Whisky is Scotland's national drink and has been for over five hundred years, since then becoming a global phenomenon. It is a drink that is a profound and important part of Scottish life and culture but, unlike other countries and their national libations, it has hardly been used in food. Rachel McCormack is going to change that with this book. Limiting whisky to a drink, she believes, is similar to the traditional Presbyterian attitude to sex; it should only be done with the lights off and in the missionary position. Rachel believes that there is an entire Karma Sutraof whisky use out there and she has put it in this book. Interspersing an engaging mix of anecdotes, history and information on distillers and recipes, this book will appeal to everyone from the cooking whisky connoisseur, to the novice whisky learner looking for some guidance on what to eat and cook. Rachel travels the length and breadth of Scotland, discovering a myriad of unique and interesting people and facts about this remarkable drink, with interviews with the key people who create it around the country, as she visits the famous distilleries of her country, as well as the more home-grown variety.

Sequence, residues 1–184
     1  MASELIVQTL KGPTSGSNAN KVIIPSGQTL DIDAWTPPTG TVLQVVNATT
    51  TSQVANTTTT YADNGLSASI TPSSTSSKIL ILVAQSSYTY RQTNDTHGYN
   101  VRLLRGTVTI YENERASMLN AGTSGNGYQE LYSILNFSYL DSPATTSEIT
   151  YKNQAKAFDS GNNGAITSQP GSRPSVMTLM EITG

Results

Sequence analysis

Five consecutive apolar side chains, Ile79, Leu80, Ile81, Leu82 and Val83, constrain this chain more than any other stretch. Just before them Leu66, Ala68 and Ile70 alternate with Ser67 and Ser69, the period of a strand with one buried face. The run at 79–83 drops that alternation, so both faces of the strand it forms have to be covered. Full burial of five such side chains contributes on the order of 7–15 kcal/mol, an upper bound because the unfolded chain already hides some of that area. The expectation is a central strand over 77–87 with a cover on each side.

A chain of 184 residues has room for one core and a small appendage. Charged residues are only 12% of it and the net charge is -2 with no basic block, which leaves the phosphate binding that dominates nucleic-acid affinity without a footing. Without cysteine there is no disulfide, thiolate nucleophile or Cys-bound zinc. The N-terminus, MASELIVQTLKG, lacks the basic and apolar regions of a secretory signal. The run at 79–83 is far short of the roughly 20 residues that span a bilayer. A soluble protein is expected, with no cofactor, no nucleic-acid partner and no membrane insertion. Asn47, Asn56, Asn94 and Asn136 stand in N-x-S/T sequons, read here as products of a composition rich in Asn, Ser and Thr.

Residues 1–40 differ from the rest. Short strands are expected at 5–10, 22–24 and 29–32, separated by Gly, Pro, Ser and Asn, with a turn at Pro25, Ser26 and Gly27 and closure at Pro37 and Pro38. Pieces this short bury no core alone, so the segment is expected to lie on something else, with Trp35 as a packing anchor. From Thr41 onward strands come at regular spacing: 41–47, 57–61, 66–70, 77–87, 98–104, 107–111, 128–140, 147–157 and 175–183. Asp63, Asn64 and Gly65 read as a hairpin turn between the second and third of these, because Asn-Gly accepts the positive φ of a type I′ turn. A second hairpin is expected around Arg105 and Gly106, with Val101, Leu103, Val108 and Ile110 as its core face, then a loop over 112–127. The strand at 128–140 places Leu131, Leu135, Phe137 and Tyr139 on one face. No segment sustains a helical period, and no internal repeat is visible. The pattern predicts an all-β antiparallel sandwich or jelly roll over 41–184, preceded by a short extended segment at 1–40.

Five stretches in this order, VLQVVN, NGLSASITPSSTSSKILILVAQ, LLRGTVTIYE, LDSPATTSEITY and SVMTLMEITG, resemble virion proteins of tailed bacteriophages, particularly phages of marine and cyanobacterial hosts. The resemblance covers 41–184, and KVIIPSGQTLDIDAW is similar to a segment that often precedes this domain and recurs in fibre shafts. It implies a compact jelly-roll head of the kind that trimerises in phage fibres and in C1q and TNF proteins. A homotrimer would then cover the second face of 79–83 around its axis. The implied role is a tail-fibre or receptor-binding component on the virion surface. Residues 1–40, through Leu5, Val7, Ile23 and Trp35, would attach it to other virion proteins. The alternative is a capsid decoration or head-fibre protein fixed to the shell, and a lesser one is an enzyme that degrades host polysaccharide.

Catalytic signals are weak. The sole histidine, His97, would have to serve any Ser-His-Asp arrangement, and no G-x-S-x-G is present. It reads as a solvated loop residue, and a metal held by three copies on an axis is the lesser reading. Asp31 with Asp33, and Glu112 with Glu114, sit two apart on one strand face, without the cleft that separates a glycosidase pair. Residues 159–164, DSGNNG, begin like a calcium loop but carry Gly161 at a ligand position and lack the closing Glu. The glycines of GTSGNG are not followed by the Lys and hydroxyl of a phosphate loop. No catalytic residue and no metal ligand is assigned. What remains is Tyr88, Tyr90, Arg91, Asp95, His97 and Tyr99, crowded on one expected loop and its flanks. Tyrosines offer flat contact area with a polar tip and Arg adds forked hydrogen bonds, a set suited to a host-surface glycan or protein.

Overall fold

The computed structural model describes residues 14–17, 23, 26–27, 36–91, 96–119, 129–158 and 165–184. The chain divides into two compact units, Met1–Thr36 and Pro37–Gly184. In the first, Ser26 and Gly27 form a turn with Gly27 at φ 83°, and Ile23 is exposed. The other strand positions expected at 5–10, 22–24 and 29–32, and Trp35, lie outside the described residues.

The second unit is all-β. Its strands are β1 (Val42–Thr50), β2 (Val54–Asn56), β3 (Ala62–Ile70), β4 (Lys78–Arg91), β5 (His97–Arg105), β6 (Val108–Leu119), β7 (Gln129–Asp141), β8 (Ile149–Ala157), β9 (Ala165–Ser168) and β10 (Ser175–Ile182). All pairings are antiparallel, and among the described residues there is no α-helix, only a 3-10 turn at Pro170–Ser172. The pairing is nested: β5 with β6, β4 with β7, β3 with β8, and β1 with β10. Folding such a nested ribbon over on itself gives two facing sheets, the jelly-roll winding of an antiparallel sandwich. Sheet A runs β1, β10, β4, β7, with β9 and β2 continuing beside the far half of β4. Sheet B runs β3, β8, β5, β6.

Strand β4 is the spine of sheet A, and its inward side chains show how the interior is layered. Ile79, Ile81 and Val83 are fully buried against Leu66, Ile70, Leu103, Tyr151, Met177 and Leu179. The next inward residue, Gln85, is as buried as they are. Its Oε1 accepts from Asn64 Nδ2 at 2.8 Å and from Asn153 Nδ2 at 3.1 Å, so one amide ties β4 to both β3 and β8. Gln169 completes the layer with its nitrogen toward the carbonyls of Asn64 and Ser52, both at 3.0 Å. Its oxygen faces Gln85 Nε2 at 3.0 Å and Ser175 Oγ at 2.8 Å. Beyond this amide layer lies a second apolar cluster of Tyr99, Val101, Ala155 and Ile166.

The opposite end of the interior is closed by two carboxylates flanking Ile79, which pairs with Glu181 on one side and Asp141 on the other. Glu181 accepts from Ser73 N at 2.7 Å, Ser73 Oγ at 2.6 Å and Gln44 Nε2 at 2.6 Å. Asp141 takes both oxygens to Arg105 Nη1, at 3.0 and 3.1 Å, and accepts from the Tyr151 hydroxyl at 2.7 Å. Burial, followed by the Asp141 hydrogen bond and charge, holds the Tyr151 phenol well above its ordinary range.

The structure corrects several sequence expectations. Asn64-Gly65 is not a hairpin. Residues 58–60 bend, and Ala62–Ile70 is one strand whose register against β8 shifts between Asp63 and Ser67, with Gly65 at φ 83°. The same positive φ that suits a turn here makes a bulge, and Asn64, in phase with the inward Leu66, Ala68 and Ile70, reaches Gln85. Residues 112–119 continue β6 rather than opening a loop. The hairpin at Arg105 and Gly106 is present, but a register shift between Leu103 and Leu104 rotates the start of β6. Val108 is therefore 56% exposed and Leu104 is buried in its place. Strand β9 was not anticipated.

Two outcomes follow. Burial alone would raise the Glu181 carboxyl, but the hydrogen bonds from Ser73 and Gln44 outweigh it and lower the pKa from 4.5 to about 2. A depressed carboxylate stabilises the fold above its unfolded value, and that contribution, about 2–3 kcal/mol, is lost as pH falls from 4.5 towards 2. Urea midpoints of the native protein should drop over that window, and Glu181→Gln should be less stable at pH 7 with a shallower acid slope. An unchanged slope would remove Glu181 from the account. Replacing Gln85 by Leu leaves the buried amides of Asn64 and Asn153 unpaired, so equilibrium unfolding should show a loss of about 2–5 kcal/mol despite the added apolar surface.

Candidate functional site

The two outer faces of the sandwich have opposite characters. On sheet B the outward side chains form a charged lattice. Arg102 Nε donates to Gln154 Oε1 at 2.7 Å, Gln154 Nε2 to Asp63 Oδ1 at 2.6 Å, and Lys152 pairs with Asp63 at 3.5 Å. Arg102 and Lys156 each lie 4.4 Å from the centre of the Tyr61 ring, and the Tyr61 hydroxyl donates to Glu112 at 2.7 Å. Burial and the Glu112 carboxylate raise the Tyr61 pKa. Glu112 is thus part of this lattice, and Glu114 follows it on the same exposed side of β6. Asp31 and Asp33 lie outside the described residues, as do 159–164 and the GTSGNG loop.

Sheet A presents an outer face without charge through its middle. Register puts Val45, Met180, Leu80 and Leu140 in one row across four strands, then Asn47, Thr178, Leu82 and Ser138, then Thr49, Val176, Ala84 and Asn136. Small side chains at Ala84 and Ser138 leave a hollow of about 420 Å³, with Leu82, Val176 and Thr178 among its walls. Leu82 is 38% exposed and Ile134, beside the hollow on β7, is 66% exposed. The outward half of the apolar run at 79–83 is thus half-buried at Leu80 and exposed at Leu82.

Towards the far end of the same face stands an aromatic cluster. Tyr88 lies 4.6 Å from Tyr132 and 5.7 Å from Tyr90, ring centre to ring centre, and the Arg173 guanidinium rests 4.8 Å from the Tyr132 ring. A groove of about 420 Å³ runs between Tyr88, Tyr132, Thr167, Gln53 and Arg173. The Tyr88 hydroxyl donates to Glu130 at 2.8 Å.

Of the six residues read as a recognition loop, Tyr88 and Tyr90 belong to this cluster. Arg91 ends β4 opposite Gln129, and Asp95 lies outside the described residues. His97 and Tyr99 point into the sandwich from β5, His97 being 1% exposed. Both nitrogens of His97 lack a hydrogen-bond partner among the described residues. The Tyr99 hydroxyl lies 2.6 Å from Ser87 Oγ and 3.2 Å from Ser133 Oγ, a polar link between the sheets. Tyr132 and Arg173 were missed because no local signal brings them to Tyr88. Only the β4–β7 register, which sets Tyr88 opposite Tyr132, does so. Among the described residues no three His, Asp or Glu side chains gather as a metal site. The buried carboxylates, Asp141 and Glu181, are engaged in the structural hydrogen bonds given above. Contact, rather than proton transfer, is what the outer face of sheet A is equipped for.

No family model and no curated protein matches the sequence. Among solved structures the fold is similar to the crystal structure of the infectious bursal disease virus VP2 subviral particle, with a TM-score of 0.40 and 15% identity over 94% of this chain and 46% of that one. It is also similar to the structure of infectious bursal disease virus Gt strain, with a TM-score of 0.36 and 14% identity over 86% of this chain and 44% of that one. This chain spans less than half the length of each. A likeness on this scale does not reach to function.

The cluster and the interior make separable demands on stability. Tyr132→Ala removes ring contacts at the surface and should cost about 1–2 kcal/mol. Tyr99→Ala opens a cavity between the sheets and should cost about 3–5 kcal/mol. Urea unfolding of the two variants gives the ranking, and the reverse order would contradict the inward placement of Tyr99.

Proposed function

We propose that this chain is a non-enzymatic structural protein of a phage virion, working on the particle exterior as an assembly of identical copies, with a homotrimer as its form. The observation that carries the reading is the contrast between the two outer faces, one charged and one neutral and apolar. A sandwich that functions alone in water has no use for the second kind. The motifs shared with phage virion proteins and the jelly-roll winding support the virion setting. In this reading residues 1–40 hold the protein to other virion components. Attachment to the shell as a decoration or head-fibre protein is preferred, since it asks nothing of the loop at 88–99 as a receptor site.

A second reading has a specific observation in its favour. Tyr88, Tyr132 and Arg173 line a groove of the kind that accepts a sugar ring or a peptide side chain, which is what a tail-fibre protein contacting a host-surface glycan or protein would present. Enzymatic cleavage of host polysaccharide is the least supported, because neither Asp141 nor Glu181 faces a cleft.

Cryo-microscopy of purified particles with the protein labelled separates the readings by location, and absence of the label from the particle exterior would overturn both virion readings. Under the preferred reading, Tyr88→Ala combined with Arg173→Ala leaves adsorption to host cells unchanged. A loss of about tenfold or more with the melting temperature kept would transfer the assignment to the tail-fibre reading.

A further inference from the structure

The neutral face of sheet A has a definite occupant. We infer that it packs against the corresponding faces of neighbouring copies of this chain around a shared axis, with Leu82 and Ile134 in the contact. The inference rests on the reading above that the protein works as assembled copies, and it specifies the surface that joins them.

Rachel McCormack is the daughter of a Macallan drinker, Rachel was introduced to whisky via flu-alleviating hot toddies. At seventeen years of age she had a rude awakening in a Glasgow pub after asking for the house whisky and discovered that not all whiskies were the same. Her Father maintains to this day that he ruined her taste buds with quality malt at far too young an age. She would like to think he gave them a crash course in discernment. She is a regular panelist on BBC Radio 4s The Kitchen Cabinet since the first pilot. She has also broadcast on the station's From Our Own Correspondent, the Food Programme and appeared as an expert guest on BBC Radio 2 on both the Simon Mayo show and the Chris Evans show.